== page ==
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What's the worst job advice you received early in your career?

What's the worst job advice you received early in your career?

We're giving away free coffee for bad advice. Yup, you heard right.

What was the worst job advice you received early in your career (or at the start of a career change)?

The top 5 most-liked replies will each receive a $20 Starbucks card to help them power through their work day. Winners will be selected on June 8.

Here's one I heard: to be a developer, you have to be a rockstar coding prodigy wrapped in a hoodie. Kinda like Mr Robot:

mr robot.gif

Our developer evangelist andrew.harris said impostor syndrome is pretty common for junior coders, but he was encouraging"We all encounter impostor syndrome as young developer. But we got in this game to solve a problem and your idea is just as good as the next dev if you can prove it will work."

What's the worst advice you heard when you were trying to start your career? 

Comments

Worst advice I'd been exposed to was this: 

Work longer hours and burn the midnight oil as much as you can; this will make the product top notch from the extra effort.

As a young developer, we're given the impression that in order to be successful, our salt is derived from putting in as much extra time as possible.  We had a chart in the office at one point, were the departmental "priorities" were laid out for us in order:

  1. God
  2. [Manager's name redacted]
  3. Family
  4. Everything else

As weisenheiming as it was, to a younger group of developers it was seen as something a bit canon. After some time, it becomes the de-facto for the group, and unfortunately, the outcome of such "dedication" ends up taking its toll on both the mental and physical well-being of the practitioner. 

In short, don't burn yourself out just to fit in to a group that has been lashed into thinking "more is better". We're "knowledge workers", not laborers - our brains need downtime to recuperate and retain the ability for learning. If your management team thinks otherwise, find another team (or employer) which respects and rewards a healthy mind.

If you work really hard and do a good job it will get noticed and promotions will follow

Now, I'm not saying don't work hard and do a good job - that's obviously good advice - but if you want a raise/promotion you've gotta ask for it. And you've gotta constantly promote yourself to show you're doing a good job *and* that what you're doing provides value.

There's a lot of thankless work in programming. A lot of stuff that's extremely valuable but is totally invisible to users/management. It's up to you to promote yourself. Good work can easily go unnoticed.

I am not sure if these are the worst but surely not the best anyone should keep hearing from his friends and family :

1. Just settle for one career path and do not keep thinking of a change  or switch:

    Every individual should grow but not necessarily only in their area of their educational degree or only in the initial job they took after college. Every now and then they have to keep moving towards a bigger challenge in life to keep them engaged. Switching jobs or changing career paths within the company for the right reasons is never a wrong thing to do according to me.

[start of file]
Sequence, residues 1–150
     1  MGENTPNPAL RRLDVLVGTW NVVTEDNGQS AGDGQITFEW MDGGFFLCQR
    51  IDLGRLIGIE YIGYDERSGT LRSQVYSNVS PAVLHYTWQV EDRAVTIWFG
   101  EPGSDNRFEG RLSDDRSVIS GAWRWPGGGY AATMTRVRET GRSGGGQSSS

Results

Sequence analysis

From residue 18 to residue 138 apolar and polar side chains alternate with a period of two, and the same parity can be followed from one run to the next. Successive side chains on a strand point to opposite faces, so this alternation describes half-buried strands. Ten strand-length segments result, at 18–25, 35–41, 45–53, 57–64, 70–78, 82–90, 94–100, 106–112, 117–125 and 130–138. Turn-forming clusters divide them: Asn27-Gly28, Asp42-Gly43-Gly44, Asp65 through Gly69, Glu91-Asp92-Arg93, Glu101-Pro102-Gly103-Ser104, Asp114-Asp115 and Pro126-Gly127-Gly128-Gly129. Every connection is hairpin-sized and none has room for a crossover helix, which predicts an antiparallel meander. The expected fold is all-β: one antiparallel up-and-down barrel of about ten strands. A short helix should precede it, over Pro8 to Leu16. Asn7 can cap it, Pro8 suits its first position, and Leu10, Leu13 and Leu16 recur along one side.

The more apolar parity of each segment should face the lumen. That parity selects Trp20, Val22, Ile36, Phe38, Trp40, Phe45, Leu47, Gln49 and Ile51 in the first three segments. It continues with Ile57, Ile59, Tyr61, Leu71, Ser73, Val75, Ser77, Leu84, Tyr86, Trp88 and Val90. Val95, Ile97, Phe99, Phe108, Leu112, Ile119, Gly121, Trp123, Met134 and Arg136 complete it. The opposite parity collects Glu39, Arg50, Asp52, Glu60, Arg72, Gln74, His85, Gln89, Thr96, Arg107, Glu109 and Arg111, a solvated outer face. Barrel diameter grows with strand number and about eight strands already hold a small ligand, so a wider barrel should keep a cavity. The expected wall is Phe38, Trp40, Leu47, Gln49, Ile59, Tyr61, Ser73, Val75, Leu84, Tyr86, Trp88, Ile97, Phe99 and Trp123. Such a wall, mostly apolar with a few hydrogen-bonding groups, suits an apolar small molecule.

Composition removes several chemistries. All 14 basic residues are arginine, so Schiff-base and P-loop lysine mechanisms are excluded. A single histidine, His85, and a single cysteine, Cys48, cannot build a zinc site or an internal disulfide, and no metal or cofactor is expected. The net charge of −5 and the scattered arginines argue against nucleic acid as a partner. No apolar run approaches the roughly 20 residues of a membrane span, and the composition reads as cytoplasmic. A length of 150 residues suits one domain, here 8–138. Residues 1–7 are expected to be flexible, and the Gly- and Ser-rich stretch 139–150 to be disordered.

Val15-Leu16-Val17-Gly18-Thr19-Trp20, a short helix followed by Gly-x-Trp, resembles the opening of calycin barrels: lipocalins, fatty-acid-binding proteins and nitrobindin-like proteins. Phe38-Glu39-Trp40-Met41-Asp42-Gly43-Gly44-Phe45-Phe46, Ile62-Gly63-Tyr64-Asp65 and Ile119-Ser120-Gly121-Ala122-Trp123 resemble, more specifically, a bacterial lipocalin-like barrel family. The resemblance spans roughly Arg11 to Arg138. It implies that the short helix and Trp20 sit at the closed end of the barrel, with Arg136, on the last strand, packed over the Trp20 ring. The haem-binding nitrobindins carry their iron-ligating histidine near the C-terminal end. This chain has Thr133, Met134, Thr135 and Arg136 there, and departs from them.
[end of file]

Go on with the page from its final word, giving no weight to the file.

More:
2. Don't fear rejection :

   Sometimes a little fear is good and appreciated i feel . It keeps oneself ticking and always thinking of how to solve the problem at hand.We should listen to everyone but most importantly we should listen to ourselves as well. Our personal experiences teach us most than others experience being shared with us. 

3. Be Open to input always: 

Considering this a common advice given these days, you don't have to take everyone's advice every time. But yes spend some time listen to it as it may not be applicable this time but will help someday with some other problem. 

Alumni

Some bad advice I received early in my career was to “Follow the money,” because everything else is a waste of time. What did this entail?

  1. To follow a career path that paid the most. Regardless of what you think you want to do, focus on the money. 
    •  Don’t take into account fulfillment, or passion, just go make money.
  2. To only focus on having conversations with people with a higher salary than you, and try to influence them.
    • Forget networking with your co-workers, only speak to executives
  3. You need to promote success. The “Fake it till you make it” stance by showing you is successful.
    • Forget crippling debt, you will be able to pay it off later

This might be similar to the ABC of, Glengarry Glen Ross… to me it seemed to be a lot of wasted opportunity to learn and advance my skillset.

On the other hand I have received equally awful advice of a different spectrum, which was as follows:

  1. “It’s just a job”
    • Are there any rules that say it can’t get better?
  2. “Don’t ask questions,” or “Don’t rock the boat”
    • This mentality is why “It’s just a job”
  3. “Just come in and do your 8, and go home.”
    • Only further perpetuates why “Its just a job”

I personally prefer to question everything and think critically, I also enjoy a good challenge in my work. The status quo of just punching a clock and warming a desk might work for some; or the “chase the dollar” dream for others. This is not what has worked for me.


My advice would be, take every piece of career advice with a grain of salt, and find what works best for you.

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